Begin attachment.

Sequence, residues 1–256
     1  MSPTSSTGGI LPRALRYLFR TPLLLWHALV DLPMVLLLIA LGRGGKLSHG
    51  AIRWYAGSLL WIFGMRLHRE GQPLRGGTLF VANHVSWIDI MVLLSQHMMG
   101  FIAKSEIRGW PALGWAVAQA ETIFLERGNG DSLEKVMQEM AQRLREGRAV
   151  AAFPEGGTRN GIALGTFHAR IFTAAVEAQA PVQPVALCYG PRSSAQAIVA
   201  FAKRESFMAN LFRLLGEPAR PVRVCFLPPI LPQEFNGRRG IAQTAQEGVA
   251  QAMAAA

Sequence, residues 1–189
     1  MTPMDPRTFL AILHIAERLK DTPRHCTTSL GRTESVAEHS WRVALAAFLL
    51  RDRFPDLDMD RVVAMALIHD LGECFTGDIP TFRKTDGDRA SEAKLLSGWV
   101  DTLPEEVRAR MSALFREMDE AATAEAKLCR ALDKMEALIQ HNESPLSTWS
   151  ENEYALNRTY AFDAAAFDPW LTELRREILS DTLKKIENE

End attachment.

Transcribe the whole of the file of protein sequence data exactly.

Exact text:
Sequence, residues 1–256
     1  MSPTSSTGGI LPRALRYLFR TPLLLWHALV DLPMVLLLIA LGRGGKLSHG
    51  AIRWYAGSLL WIFGMRLHRE GQPLRGGTLF VANHVSWIDI MVLLSQHMMG
   101  FIAKSEIRGW PALGWAVAQA ETIFLERGNG DSLEKVMQEM AQRLREGRAV
   151  AAFPEGGTRN GIALGTFHAR IFTAAVEAQA PVQPVALCYG PRSSAQAIVA
   201  FAKRESFMAN LFRLLGEPAR PVRVCFLPPI LPQEFNGRRG IAQTAQEGVA
   251  QAMAAA

Sequence, residues 1–189
     1  MTPMDPRTFL AILHIAERLK DTPRHCTTSL GRTESVAEHS WRVALAAFLL
    51  RDRFPDLDMD RVVAMALIHD LGECFTGDIP TFRKTDGDRA SEAKLLSGWV
   101  DTLPEEVRAR MSALFREMDE AATAEAKLCR ALDKMEALIQ HNESPLSTWS
   151  ENEYALNRTY AFDAAAFDPW LTELRREILS DTLKKIENE